The Staff of Death “Without health life is not life; it is only a state of languor and suffering – an image of death.” – Buddha
A few weeks ago, I drove by the town of Hauppauge, Long Island. After returning home, I learned that a Hauppague high school student had become infected with a form of Staphyloccus aureus that is immune to antibiotics. One year earlier, a student in that same school died from the exact same bacterial infection. On October 7, 2011, an Abington high school student in Massachusetts was diagnosed with the same disease for which there is no cure. On October 7, 2011,
Four David Crockett high school football players in Tennessee were diagnosed with the same disease. This is a national epidemic receiving little or no publicity. Has nobody but Notmilk put together the connection? The most common pathogenic organism found in raw milk is Staphyloccus aureus. Cows often get ulcers or sores on their udders. That bovine condition is known as mastitis, and the average cow being milked in America requires $200 to treat that mastitis condition each year. Multiply that by 9.3 million dairy cows, and America’s dairymen have a collective $2 billion annual expense.
Staphlococcus aureus is the most common infection of dairy cows. Bacterial toxins are easily passed from cows to humans in milk, and are sometimes not destroyed by pasteurization. Very few Staph aureus bacteria in a glass of milk are needed to make a consumer ill…it’s the most successful of all bacterial pathogens and the number one cause of hospital infections in the world. Cases of diarrhea from E. coli 157 or Guillain-Barre Syndrome from campylobacter can be traced to the diseased body fluids that we drink and infected flesh that we eat. The authors report a CDC study revealing that 60% of the 9.5 billions chickens sold in America each year are infected with campylobacter. Three out of every five chickens. Some 1.4 million Americans get salmonella each year, and 2-3% of those so infected get arthritis caused by the infection. Staph aureus infections are the leading cause of acute otitis, or earaches in children. How many cases per year? About 6 million, according to the Centers for Disease Control. Earaches are the most common reason that children visit pediatricians. In 1994, the Food and Drug Administration sent a message to dairy farmers: more drugs in milk was permissible. FDA arbitrarily increased the allowable level of antibiotics in milk by 100 times.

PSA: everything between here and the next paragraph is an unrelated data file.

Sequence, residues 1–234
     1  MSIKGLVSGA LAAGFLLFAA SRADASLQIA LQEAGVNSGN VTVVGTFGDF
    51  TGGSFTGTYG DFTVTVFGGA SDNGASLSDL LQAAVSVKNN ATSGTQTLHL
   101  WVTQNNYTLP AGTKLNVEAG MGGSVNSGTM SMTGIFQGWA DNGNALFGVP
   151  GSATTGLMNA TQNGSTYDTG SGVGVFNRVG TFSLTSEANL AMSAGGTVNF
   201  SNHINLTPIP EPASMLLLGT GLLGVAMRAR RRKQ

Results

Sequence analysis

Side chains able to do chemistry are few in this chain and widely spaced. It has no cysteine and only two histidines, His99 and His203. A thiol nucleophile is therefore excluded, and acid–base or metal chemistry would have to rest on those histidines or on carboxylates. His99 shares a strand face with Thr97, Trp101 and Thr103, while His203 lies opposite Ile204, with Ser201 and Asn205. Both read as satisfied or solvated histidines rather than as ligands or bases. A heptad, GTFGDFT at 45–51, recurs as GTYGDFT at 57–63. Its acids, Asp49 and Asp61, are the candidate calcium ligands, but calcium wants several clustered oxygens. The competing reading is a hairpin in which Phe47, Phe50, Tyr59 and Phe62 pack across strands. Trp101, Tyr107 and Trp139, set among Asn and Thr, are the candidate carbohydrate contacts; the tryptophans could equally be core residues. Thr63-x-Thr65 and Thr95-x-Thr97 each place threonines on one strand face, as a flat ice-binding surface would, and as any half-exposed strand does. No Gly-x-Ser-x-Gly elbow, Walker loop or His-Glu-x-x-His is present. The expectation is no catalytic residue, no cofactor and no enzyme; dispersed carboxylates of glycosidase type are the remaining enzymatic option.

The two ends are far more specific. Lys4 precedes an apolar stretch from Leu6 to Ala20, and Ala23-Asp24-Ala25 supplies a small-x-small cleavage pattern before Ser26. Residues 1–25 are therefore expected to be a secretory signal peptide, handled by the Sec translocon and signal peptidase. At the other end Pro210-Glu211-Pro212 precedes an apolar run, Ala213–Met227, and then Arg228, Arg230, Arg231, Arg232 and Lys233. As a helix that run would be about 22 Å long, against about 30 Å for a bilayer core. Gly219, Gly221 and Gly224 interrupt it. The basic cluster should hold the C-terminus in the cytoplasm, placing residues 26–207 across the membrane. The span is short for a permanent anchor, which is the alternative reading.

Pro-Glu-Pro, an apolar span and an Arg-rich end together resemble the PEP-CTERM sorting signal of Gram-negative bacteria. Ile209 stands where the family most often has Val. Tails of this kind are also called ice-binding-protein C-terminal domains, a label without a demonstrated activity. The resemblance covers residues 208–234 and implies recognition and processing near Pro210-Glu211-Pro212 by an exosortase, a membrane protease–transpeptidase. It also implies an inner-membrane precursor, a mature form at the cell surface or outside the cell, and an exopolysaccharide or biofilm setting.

The decision to do so was made by Dr. Margaret Miller who recognized that cows treated with the genetically engineered bovine growth hormone would develop more cases of mastitis than untreated cows. How did she know this for certain? Before leaving Monsanto for the FDA, Miller worked to develop the bovine growth hormone. The old protocol called for no more than one part per hundred million of antibiotic residues in milk. The change permitted antibiotic levels to be as high as one part per million.
Consumers Union tested milk samples in the New York metropolitan area in 1992 and found the presence of 52 different antibiotics. During that two-year period, cows were overdosed with antibiotics and new strains of bacteria developed. If an imaginary cow had one billion bacteria in her system and she was treated with streptomycin and that antibiotic killed all but one of those germs, that one survivor would be immune to the drug, then reproduce a new population with total immunity. Doubling its population every twenty minutes, it would take 10 hours for a new strain of bacteria to grow to one billion in number. Multiply that by 9 million cows and 52 different antibiotics, and it becomes clear to see why antibiotics no longer seem to work when they are needed. The average American drinks milk and eats cheese containing new strains of bacteria, immune to the 52 different antibiotics which are also present in milk. Children die, and scientists do not have a clue why. Milk and dairy products should carry a warning label. Forty percent of the average American’s diet consists of a product that is always infected with bacteria in its raw state. Raw milk usually contains blood, feces, bacterial and pus cells. Pasteurization does not kill all of the bacteria in milk.
Many cheeses are not pasteurized. Rod-shaped bacteria form a spore (spore is the Greek word for seed) at the first sign of heat. When the milk cools, the spore “blooms” and the bacteria re-emerges into its toxic state. Does pasteurization really work? On day ten you might pour out the offensive smelling milk in your refrigerator, and on day nine, you drink it.
Got Sick? Got milk!